Wave turbines 10 rotate in predetermined directions about horizontal axes due to force of waves impinging on wave turbines 10. The rotational energy of wave turbines 10 is transmitted to one of the axles 32 of the rotational transmission-system 28.
Wave-turbine surround covers 14 which envelope the rear halves of wave turbines 10 serve as a guide for water coming through wave turbines 10 to flow around wave turbines 10 through the space between the outer periphery of wave turbines 10 and the curved wave-turbine surround covers 14, thereby enabling wave turbines 10 to extract optimal amount of kinetic energy contained in the uprush and back wash in the wave-swash zone.
Wind turbines 16 rotate about vertical axes due to the force of wind blowing on wind turbines 16. By virtue of the curved shape of the blades of the wind turbines, the wind turbines rotate in predetermined directions regardless of the direction of the wind. The rotational energy of wind turbines 16 is transmitted to one of the axles 32 through bevel gears 40 of the rotational transmission-system.
Wave floats 18 move up and down due to the rise and fall of water surface on which wave floats 18 float. The up-and-down motion of wave floats 18 is converted into rotating motion of one of axles 32 of the rotational transmission-system 28.
Wave-float levers 19 having their ends mounted on axles 32 which are held on bearings 46, swing vertically due to the up-and-down motion of the wave floats 18 fitted at the far ends of wave-float levers 19. Swinging wave-float levers 19 which support the wave turbines 10 enable the wave turbines 10 to move up and down in such a way that the axles 32 of the wave turbines 10 are maintained at the water surface, permitting only the lower half of the wave turbines 10 to be under water.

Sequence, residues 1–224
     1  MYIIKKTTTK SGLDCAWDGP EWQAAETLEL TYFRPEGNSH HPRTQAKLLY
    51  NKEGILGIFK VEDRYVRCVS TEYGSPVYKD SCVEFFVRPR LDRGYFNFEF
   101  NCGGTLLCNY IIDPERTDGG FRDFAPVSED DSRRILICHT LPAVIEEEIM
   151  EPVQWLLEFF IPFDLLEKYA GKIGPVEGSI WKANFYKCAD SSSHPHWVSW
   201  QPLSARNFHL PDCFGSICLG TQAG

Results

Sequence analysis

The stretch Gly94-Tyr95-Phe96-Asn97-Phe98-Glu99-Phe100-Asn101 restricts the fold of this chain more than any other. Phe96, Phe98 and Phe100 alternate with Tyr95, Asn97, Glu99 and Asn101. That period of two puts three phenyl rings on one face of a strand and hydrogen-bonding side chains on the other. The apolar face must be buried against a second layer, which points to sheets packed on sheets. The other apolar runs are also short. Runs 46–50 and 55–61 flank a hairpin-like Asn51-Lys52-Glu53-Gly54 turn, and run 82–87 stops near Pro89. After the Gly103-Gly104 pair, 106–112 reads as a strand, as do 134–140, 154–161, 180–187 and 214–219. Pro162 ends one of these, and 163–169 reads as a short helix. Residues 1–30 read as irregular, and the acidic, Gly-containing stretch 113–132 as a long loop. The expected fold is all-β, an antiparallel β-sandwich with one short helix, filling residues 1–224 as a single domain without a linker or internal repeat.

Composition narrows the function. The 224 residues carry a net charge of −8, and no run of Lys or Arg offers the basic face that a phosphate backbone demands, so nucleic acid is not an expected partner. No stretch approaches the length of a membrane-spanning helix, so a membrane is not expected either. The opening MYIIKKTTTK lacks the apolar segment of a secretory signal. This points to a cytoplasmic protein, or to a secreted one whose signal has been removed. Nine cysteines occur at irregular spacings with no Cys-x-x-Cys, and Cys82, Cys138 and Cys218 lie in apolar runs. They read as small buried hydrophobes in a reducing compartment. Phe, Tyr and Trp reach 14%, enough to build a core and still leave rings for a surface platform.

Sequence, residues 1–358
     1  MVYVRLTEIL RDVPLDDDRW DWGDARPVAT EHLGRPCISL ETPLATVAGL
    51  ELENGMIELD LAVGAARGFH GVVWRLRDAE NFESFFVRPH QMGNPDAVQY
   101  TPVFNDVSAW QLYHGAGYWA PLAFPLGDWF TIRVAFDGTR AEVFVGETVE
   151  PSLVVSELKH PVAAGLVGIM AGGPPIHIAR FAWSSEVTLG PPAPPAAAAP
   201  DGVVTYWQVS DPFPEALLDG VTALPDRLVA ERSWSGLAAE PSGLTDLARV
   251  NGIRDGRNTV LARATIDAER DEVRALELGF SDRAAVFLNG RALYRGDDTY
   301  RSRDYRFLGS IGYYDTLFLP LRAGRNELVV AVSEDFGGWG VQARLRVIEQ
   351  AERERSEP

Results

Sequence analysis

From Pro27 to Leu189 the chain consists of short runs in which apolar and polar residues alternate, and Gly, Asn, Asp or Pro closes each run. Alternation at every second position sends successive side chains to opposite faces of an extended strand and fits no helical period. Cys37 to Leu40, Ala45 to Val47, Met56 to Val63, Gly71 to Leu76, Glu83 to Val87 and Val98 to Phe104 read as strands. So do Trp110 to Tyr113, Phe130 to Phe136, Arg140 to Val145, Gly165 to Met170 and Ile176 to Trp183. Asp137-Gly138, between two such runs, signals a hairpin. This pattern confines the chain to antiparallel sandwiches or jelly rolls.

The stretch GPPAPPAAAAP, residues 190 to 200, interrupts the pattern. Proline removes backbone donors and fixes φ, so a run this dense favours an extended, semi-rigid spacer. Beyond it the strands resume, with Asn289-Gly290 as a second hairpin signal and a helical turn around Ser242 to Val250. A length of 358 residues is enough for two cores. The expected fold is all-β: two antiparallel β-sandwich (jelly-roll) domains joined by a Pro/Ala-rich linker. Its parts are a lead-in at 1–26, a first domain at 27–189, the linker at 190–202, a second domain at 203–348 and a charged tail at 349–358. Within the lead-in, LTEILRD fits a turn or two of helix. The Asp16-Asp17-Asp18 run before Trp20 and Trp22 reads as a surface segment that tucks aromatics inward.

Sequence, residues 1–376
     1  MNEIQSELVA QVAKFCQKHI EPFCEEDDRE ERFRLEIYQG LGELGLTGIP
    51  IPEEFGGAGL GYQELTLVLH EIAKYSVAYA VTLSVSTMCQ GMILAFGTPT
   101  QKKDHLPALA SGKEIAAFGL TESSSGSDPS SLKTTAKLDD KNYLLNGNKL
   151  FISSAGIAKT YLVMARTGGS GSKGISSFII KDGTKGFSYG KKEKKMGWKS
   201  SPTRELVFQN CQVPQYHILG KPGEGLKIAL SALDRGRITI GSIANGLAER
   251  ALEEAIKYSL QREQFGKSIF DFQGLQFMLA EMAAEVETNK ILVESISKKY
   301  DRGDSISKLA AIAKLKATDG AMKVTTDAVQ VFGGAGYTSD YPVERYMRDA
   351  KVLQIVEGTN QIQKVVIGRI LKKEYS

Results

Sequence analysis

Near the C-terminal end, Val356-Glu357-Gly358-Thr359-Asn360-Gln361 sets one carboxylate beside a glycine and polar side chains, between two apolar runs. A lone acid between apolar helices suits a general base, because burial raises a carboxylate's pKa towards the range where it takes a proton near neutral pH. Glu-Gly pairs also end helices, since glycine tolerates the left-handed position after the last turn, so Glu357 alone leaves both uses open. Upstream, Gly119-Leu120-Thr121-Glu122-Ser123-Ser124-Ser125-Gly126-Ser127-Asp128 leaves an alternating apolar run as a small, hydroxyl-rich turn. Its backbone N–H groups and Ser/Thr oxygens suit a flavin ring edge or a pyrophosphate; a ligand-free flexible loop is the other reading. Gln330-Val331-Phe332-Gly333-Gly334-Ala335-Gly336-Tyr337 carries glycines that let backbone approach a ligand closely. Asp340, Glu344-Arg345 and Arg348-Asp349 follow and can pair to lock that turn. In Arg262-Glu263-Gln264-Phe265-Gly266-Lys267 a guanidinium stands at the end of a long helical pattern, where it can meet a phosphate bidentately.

Float restraints 20 confine the movement of wave floats 18 through a predetermined distance in the vertical direction.
Alternator 22 converts mechanical energy into electrical energy. The rotational energy generated by wave turbines 10, wind turbines 16, and wave floats 18 is transmitted to the alternator 22 through the rotational transmission-system 28.
Buoyancy chamber 24 at the bottom can hold water. By pumping water out of it, the weight of a portable wave-swash & coastal-wind energy harvester 8 can be reduced. When the portable wave-swash & coastal-wind energy harvester 8 has to be moved in water, to improve maneuverability, buoyancy chamber 24 can be emptied to reduce the weight of the portable wave-swash & coastal-wind energy harvester 8. On the other hand, once the apparatus is placed in the wave-swash zone for operation, the unit can gain more self-weight and hence more stability by filling buoyancy chamber 24 with water.
Stabilization tanks 26 at the top can hold water. Once the portable wave-swash & coastal-wind energy harvester 8 is placed in its operational location in the wave-swash zone, the weight and stability of the apparatus can be increased by filling stabilization tanks 26 with water. On the other hand, when the apparatus has to be moved out of the operational location, the stabilization tanks 26 can be emptied of water to reduce the weight of the unit and thereby to enhance maneuverability of the unit.